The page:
From 1842 till 1849 he was laboriously engaged in doing for the Sabbath what he had previously done for the cause of temperance, not only traveling extensively and delivering addresses in every part of the country, but writing another set of "Permanent Documents," which probably form the ablest condensed plea for the Sabbath that the language affords. The last four years of his life were chiefly occupied in the preparation of a condensed commentary on the Scriptures at the request of the American tract society. He had completed the work, so far as the New Testament was concerned, and had proceeded with the Old Testament as far as the 50th Psalm. Dr. Edwards published many sermons and addresses, and was the author of the following tracts issued by the American tract society: No. 167," Well conditioned Farm" (on temperance); No. 177, "Joy in Heaven over One Sinner that Repenteth"; No. 179, "The Way to be Saved "; No. 125, " On the Traffic in Ardent Spirits"; No. 582, "The Unction from the Holy One." Of the first four, 750,000 copies were printed prior to 1857. Of his " Sabbath Manual," 583,544 were called for; of the "Temperance Manual," 193,625 ; and snore than 70,000 of the commentary on the New Testament. A memoir of his life and labors, by Rev. Dr. William Halloek, was published by the Tract society in 1854.

Bela Bates Edwards, clergyman, another great-grandson of Samuel, mentioned in the preceding sketch, born in Southampton, Massachusetts, 4 July 1802; died in Athens, Georgia, 20 April 1852. He was graduated at Amherst in 1824, and at Andover in 1830. He was licensed to preach in the latter year, but was never ordained. After serving as tutor at Amherst, he acted as assistant secretary of the American education society in 1828'33. He edited the "American Quarterly Register" in 1828'42; the "American Quarterly Observer," which he founded, in 1833'5; the" American Biblical Repository," with which the hatter was united, in 1835'8: and the "Bibliotheca Sacra" in 1844'52. He was appointed professor of Hebrew in Andover theological seminary in 1837, received the degree of D. D. from Dartmouth in 1844 and in 1848 was elected associate professor of sacred literature.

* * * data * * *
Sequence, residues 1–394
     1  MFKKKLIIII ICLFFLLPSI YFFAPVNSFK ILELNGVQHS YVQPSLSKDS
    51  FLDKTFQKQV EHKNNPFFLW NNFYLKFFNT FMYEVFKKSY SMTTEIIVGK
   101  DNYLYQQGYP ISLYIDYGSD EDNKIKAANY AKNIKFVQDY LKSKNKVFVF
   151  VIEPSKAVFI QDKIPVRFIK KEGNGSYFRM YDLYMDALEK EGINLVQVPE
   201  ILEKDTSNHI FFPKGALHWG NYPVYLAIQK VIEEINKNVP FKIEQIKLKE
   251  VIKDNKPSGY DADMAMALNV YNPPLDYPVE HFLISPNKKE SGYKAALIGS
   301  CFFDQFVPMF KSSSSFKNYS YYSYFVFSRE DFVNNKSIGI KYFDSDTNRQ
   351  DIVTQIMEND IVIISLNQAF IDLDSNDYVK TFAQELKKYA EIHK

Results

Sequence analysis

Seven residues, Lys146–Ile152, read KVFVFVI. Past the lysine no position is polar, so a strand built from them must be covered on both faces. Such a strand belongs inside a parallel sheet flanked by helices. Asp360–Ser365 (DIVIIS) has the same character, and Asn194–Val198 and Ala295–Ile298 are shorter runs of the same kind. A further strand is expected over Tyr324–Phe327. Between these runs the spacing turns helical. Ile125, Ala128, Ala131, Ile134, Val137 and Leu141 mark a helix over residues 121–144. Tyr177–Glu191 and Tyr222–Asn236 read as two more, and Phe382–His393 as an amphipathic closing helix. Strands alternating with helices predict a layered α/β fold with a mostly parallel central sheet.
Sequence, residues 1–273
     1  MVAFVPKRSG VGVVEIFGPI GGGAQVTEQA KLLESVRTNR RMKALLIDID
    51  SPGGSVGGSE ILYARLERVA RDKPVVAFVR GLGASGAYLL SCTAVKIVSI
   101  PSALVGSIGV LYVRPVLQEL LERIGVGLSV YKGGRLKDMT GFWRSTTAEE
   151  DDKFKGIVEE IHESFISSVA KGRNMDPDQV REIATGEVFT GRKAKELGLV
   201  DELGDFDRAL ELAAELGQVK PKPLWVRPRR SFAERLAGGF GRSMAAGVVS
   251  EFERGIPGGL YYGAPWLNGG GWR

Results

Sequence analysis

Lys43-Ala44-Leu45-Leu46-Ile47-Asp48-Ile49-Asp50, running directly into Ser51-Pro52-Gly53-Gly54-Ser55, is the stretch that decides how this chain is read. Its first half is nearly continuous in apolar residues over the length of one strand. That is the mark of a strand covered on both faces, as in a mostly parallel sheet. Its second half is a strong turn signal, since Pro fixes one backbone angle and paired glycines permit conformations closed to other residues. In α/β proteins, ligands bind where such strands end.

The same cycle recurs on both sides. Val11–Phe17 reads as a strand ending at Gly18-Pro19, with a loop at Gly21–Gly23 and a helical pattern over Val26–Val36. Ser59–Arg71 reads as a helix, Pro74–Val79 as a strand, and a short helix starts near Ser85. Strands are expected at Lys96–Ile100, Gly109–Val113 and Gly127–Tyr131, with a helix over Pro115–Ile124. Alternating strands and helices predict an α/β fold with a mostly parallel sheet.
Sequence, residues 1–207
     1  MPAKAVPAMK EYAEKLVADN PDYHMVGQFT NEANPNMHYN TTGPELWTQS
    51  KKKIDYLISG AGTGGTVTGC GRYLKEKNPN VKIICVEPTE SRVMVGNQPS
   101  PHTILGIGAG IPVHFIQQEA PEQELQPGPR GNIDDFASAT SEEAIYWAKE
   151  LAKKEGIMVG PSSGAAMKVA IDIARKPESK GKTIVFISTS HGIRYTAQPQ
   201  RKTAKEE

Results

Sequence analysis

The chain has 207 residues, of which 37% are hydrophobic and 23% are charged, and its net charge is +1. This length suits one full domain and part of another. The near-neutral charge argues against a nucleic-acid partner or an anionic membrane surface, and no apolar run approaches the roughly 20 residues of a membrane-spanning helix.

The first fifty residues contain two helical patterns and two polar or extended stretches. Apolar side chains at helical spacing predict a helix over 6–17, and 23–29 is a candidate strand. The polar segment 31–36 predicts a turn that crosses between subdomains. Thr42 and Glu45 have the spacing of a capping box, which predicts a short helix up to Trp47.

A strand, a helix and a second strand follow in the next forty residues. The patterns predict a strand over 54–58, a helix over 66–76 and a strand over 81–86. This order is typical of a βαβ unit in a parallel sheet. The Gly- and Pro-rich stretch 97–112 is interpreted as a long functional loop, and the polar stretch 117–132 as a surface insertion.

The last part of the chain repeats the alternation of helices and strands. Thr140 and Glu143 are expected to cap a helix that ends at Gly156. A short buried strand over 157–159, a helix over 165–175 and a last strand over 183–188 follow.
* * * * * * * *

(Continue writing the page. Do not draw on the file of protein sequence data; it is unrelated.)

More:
During his twenty-four years of editorial labor he issued thirty-one octavo volumes of the periodicals with which he was connected. His work in connection with the "Quarterly Register" was especially valuable. He designed to make it a storehouse of facts for present and future generations, and it contains indispensable materials for the historian. In the pages of the other periodicals named, Dr. Edwards's contributions were chiefly criticisms of current (especially biblical) literature and disquisitions on the science of education. While occupied with his labors in this field he published several works, among which are the " Eclectic Reader" (1835); "Biography of Self-Taught glen" (1831); "Memoir of Henry Martin," with an introductory essay (1831);" Memoirs of E. Cornelius" (1833); a volume on the '"Epistle to the Galatians"; and the "Missionary Gazetteer" (1832).

He was also a frequent contributor to the religious press, and wrote various pamphlets and the more important portions of several books in collaboration with Profs. Sears, Felton, and Park. Among the latter are "Selections from German Literature 'and "Classical Studies." He was also associated with Samuel H. Taylor in the translation of "Ktihner's Greek Grammar." In 1845 he was compelled to visit Florida for his health, and on his return sailed for Europe, where he spent a year. In 1851 he was again compelled to go south, and was residing there the following winter, when he died. He was an ideal editor and professor, uniting great erudition and a sound judgment with a deep, earnest, and uniform piety. A selection from his sermons and addresses, with a memoir by Professor Edwards A. Park, was published in Boston in 1853.

Edited Appletons Encyclopedia, Copyright © 2001 VirtualologyTM